22 February 2020

0 resilience is bullshit

a therapist once said i have an amazingly high threshold for withstanding emotional discomfort.

at the time, i took this in the spirit in which it was given—as praise. apparently it didn't occur to either of us that this might be something we probably should have spent the remainder of our sessions working to unpack.

i'm meant to be writing a talk on anger and politics and women.

i can't afford therapy so this is a therapy of sorts. thinking through the anger i myself have at the moment. anger against men, myself, and the past.

it's funny how much we forget, how much we blot out.

i've been thinking about the thing that happened in college, trying to put it into context. only just last night, for some reason i don't fully understand, did another piece slid into place.

for years, i've made a joke out of how bad my freshman year of college was. i've laughed about how i had no friends and how i read 78 books instead.

it was a year that radically changed my relationship to reading. but i've not thought about how radically it might have changed my relationship to other people.

i was so fucking lonely. and yeah, the next year, first thing, i met KBG and fur and these amazing friendships bloomed, but for that first year, my freshman year, i was so fucking lonely.

outside of time spent in class, i was very nearly always alone.

much as i enjoy my own company, it was too much.

and yes, i had a thriving friend group stretched across the south at various universities and we were all in near constant touch, but i did not have a single friend at school.

there was a desperation in that isolation, which i've rather lost touch with.

a desperation in the way i would get dressed up and leave the dorm on sunday mornings during church time, and sit in the car in the church parking lot, reading a magazine, until the service was ended, at which point i went back home. a weird farce enacted because, while i did not feel at home in the first baptist church of starkville, mississippi, there was, nonetheless, a church shaped hole in my sunday mornings that needed to be filled. not going to church was a front on which i did not want to fail, at a time when it felt i was failing at everything else.

a desperation in the way i would hide a loaf of bread in my closet, only allowing myself the pleasure of eating a piece when i couldn't bear the hunger any longer, a pleasure diminished by my keen awareness of the calories involved.

a desperation in the way in which i looked forward to going to the subway in the student union for dinner every night. even though i would return to my dorm and eat in my room, picking up my nightly sandwich was an event i would dress for, because the guy working behind the counter-- the flirty guy who looked a little like jordan catalano, the guy i would later go on to date, the guy who would do so many of the things with which i'm now wrestling-- seemed to see me.

the desperation i felt on the nights he wasn't there was alarming. not straight-forwardly because i was attracted to him, but because it was an absence that meant i was robbed of one of the only moments of human contact in my day.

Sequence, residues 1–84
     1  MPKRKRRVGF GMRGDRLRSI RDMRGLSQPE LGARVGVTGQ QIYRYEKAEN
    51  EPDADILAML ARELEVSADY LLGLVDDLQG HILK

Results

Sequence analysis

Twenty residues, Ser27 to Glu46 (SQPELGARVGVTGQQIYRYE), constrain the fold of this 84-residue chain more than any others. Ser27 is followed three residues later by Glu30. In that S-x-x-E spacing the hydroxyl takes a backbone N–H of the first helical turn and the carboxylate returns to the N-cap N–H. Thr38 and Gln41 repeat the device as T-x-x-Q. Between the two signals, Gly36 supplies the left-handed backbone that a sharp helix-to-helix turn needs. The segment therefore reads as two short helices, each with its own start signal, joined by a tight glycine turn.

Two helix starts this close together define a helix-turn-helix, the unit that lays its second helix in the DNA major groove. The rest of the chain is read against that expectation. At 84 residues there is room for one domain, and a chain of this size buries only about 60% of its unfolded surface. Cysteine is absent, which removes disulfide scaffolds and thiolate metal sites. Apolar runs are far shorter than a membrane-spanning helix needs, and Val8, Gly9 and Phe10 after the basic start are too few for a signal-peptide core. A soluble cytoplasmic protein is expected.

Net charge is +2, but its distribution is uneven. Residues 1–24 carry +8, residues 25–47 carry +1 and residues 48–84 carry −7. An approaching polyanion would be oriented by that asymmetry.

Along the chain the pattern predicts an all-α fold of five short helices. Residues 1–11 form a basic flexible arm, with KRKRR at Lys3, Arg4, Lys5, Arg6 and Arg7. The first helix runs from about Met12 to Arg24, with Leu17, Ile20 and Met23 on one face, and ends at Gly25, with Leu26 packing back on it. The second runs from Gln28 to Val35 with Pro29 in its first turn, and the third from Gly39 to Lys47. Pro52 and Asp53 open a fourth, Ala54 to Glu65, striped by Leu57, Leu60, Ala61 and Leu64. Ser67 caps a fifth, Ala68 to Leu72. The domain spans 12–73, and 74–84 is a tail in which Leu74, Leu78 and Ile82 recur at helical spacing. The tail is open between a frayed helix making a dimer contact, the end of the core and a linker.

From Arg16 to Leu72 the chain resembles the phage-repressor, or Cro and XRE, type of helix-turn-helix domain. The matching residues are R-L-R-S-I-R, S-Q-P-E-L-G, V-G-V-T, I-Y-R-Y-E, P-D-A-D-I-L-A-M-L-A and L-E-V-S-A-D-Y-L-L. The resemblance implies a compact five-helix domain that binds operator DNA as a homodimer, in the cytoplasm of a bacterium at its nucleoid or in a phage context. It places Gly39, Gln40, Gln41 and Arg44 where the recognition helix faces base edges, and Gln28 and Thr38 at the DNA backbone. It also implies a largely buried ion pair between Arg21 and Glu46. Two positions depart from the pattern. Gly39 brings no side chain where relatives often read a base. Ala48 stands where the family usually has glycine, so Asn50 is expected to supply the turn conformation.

i always thought it was funny that the two men i went on dates with sophomore year were the only two people who paid any attention to me when i was a freshman. looking back now, that looks less coincidental than it did then.

i have hated myself plenty but i've never been suicidal. but there was a moment driving back to school from nashville, sometime in the fall of my freshman year-- when i was failing chemistry, and things with steven were unclear, and i did not know what would happen to me, and i was living on 12 grams of fat a day-- when i spent the entire drive avoiding the temptation to wreck the car.

i didn't want to die. i didn't even want to be hurt. i just did not want to go back. and i could not figure out how to communicate how bad things were. i knew how bad things were but i was too ashamed. and so i fashioned for myself a way of existing within that, within both the shame and the awful.

i went back.

and i sat on a hillside with a notebook watching the sunset-- which was a thing i did every night for a time there, because it gave me a routine task but also because it rendered my isolation somehow both romantic and more of a choice.

when one of my cousins transferred colleges after his horrible freshman year a few years ago, my family marveled at this. my parents had known my freshman year was difficult, though i concealed from them the details, the desperation described here. and yet it had never occurred to any of us that this might be an option.

yes, i got through. yes, in spite of being in a quite violent, abusive relationship for the remaining three years, i would still argue that college got better. it was never as bad as my freshman year again. but at what cost?

i have an amazingly high threshold for withstanding emotional discomfort. bully for me.

but that's not something one is born with. it's a thing developed through practice, over time. it's a way of being wrought by having been emotionally uncomfortable for a hell of a long time.

throughout the end of my phd and the year after, during the immigration disaster, i bragged about my high threshold for emotional discomfort, like it was a thing of pride. better yet-- a life skill. something for the CV!

but i wonder how things would be different, if anything would be different, if i could've seen then that this maybe wasn't the compliment i thought it was. that it was, in reality, a sign of how wrong things were, how wrong they'd been for nigh on decades.

i remember the sunsets though.

in chicago, later, and in london, later still, i would flip the equation, waking up early, instead, to watch the sun rise.

because i wanted to see something new. 

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